3. You continue to hear negative gossip about yourself
One of the ways that gaslighters attack your sense of reality is by gossiping about you behind your back.
If you’re hearing rumors that are untrue, you should look to determine the root of the gossip. It may be your gaslighter.
4. You find yourself continually doubting your perception of reality
This is the biggest indicator of gaslighting.
If you feel filled with self-doubt after an encounter with your coworker, and you walk away second-guessing your own version of events, then it’s likely that you’re being gaslighted.
5. The person who is exhibiting gaslighting behavior belittles your efforts
A common way that gaslighters make you doubt yourself is by belittling the effort you put into your work.
You might be feeling proud of a project you’ve just completed. A gaslighter will find a way to make you feel like you should have completed it better or faster.
They'll leave you questioning whether you should be proud of your efforts at all.
6. You’re being excluded from professional activities you believe you should be involved in
Gaslighters will make you feel inferior by excluding you from professional activities such as regular meetings.
Of course, it is possible that they genuinely did not think you were necessary for the meeting. It’s wise to consider events like this in light of their other actions. One moment of self-doubt or exclusion isn't usually a problem. Look for patterns of behavior.
If you’re being excluded regularly by the same person, and you know that you definitely should have been included, then it could be gaslighting.
Is it gaslighting?
One of the keys to identifying this kind of workplace harassment is noticing if the behavior is persistent.
Singular events such as workplace bullying may still be contributing to a toxic environment, but they may not be gaslighting.
The more of the above signs you see, the more likely it is that you are being gaslighted.
Let’s review some common examples of workplace gaslighting to help you determine if this is happening to you.
7 gaslighting examples at work
Gaslighting takes many forms. Let’s consider seven common scenarios of gaslighting at work:
Example 1: misremembering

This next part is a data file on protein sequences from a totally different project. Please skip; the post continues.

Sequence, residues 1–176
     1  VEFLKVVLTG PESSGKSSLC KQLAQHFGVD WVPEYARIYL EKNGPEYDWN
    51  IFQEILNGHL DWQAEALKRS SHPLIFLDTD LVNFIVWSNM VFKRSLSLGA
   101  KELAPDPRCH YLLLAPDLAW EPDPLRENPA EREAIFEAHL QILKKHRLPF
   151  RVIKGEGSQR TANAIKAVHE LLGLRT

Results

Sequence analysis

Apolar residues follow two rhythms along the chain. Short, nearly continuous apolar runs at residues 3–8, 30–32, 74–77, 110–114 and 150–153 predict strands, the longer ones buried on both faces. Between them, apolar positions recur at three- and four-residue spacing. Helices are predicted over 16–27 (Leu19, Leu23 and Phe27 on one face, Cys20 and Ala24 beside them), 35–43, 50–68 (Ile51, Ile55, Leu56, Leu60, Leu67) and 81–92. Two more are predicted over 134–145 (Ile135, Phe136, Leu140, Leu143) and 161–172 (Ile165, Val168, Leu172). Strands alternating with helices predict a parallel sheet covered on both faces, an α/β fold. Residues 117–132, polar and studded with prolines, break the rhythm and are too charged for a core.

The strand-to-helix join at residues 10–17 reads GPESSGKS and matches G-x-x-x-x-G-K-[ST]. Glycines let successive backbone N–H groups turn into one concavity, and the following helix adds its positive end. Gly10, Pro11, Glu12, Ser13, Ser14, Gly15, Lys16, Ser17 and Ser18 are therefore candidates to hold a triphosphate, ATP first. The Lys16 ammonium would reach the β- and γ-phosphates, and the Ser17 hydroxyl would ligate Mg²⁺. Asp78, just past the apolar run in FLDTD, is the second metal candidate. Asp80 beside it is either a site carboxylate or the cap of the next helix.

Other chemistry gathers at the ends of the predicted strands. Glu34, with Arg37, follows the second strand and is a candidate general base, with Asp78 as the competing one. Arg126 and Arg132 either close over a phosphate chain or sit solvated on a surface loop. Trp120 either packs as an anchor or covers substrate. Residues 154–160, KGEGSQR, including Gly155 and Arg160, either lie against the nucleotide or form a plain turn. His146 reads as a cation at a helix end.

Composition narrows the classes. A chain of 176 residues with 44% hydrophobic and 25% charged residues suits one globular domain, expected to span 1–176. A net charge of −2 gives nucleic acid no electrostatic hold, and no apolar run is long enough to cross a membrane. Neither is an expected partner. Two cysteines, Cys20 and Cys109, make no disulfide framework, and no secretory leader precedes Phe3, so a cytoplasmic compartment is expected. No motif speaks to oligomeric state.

The gaslighter tells you they never got the report you delivered last Friday.
You’re sure you left that report on their desk. In fact, you know you did because you stayed late to get it done. But the gaslighter is adamant they never got it. Despite your certainty, you start to wonder if you somehow misplaced it or someone else took it off your manager's desk.
You come up with possible scenarios, even highly unlikely ones, that would conform with the gaslighter's version of the world.
Example 2: getting defensive
When you bring up an important issue, the gaslighter gets defensive or aggressive.
Gaslighters don’t typically like being challenged or being proved wrong. When this is the case, a gaslighter will generally get very defensive and find a way to manipulate you into believing you’re at fault.
Example 3: giving encouragement at strange times
The gaslighter gives you some nice positive reinforcement just when you’re reaching the breaking point. The encouraging behavior makes you feel better despite your confusion.
The goal of the gaslighter is generally to keep you under their control, not to destroy you altogether.
As such, they’ll notice when you’re getting close to a breaking point or to identifying their role as a gaslighter and switch up their approach with some positive feedback.
Maybe they’ll take you out to lunch to celebrate some form of success that you don’t feel is all that justified, especially considering how they’ve acted to your previous successes.
Example 4: lying about small things
A gaslighter may take your stuff without asking and then deny it.
Coworkers borrow stuff from each other's desks from time to time, and sometimes you aren’t around for them to ask you.
However, a gaslighter will outright deny this, making you question whether you’ve simply misplaced the item yourself.
Example 5: pretending to be helpful
The gaslighter tells you they are working on something for you even though, in reality, they haven’t even started.